“Each of Maine's more than 4,500 commercial lobstermen and women are small, self-employed business owners,” Senator Collins continued. “That's why the SBA advocated for them. But NOAA totally ignored what the SBA asked for, in reinforcing what the industry, the entire Delegation, and the Governor also requested.”
In light of reports that NOAA is considering imposing further regulations on the industry, Senator Collins asked Secretary Raimondo: “[H]ow can the industry trust that NOAA's not going to regulate them out of existence given that the agency has rejected recommendations from the SBA's Office of Advocacy, not just those of us who represent the state, but an independent office within the SBA, another federal agency?”
Secretary Raimondo responded that the head of NOAA Fisheries is in regular contact with the Maine Department of Marine Resources, and they are working to find suppliers who can provide the required gear for an affordable price.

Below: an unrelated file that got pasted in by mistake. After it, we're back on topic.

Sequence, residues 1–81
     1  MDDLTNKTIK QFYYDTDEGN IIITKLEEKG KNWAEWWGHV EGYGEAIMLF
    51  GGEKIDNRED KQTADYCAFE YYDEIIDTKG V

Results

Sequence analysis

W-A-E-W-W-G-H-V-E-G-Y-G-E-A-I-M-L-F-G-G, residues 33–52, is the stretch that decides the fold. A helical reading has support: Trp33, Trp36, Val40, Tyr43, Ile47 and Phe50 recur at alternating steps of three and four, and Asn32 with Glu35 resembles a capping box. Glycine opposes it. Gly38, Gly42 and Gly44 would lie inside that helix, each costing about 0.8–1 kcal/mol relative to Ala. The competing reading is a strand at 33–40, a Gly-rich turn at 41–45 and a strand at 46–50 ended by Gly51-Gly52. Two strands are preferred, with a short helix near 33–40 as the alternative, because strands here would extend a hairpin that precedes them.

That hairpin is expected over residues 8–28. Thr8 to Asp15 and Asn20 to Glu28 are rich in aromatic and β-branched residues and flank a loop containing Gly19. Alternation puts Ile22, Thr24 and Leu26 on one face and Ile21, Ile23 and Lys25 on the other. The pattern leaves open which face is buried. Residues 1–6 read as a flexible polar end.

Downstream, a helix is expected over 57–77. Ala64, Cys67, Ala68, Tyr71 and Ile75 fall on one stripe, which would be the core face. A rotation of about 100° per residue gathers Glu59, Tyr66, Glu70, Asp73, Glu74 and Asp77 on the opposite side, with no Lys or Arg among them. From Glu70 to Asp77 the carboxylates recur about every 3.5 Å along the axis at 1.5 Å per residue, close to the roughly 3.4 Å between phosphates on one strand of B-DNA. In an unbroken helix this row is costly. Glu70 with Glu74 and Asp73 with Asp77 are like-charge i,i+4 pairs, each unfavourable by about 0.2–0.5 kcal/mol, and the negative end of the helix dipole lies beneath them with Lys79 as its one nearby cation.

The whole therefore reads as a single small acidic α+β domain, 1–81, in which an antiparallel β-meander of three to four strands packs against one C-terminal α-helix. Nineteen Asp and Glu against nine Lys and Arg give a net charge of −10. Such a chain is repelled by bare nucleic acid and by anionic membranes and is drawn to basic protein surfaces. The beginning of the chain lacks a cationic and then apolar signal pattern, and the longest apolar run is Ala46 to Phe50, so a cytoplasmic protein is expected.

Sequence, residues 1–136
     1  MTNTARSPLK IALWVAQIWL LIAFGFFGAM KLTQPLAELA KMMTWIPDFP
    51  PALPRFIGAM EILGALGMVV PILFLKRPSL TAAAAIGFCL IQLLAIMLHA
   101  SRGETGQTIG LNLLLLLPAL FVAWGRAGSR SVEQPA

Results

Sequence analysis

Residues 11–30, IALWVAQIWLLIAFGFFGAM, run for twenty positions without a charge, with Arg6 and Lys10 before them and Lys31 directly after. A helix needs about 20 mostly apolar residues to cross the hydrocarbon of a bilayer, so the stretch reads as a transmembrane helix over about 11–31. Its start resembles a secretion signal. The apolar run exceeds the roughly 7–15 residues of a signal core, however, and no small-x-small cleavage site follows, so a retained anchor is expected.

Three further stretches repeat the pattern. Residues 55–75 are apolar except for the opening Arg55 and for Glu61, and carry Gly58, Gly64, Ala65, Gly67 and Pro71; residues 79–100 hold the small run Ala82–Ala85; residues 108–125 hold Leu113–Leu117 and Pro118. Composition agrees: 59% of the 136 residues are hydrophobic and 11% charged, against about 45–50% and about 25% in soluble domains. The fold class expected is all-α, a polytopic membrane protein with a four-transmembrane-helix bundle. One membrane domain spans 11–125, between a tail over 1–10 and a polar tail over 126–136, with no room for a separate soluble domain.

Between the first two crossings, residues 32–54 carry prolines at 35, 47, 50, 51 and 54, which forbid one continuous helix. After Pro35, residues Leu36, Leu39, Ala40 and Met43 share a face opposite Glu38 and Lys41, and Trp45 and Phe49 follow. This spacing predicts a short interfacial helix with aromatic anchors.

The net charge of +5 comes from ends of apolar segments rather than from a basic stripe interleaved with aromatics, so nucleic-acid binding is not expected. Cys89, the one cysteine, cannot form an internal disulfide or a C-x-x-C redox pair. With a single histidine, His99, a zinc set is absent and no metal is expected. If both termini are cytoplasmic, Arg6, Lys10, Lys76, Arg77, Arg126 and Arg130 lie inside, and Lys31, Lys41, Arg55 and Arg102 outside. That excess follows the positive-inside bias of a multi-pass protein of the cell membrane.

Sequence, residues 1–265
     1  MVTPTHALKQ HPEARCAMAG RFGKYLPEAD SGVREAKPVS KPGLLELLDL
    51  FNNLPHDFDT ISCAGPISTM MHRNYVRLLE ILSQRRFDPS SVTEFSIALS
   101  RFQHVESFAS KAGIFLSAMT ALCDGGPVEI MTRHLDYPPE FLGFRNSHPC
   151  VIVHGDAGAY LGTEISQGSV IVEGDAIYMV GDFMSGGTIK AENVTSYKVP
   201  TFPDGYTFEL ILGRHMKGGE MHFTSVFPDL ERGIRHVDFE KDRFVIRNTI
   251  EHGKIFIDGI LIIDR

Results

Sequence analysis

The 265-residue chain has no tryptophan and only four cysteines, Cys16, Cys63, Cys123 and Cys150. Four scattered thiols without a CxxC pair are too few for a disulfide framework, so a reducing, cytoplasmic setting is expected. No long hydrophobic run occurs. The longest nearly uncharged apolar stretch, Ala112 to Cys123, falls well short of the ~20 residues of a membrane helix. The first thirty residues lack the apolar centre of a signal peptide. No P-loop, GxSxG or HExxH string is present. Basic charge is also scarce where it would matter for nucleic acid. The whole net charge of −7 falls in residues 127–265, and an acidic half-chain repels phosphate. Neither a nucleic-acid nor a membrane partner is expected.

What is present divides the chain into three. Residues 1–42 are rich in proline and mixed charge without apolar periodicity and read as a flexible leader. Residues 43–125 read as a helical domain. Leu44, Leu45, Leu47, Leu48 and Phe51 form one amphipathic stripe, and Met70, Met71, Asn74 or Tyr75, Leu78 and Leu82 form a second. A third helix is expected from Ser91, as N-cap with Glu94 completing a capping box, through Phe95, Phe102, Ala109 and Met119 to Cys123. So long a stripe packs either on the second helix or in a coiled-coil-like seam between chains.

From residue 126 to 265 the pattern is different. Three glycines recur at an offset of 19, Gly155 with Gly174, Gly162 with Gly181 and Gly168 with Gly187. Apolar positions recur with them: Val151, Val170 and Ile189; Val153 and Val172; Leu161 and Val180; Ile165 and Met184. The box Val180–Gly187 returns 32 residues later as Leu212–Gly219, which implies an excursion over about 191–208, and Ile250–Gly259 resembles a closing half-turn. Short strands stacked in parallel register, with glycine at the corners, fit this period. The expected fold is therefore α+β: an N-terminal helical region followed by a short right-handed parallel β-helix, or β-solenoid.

Secretary Raimondo continued by saying that NOAA’s enforcement goal is to be as “lenient as we can to assist with compliance, instead of a gotcha sort of approach.” She also said that her Department expects to distribute $14 million by the end of June to help alleviate the cost of compliance for Maine lobstermen and women. Senator Collins secured this funding in the government funding legislation that was signed into law in March.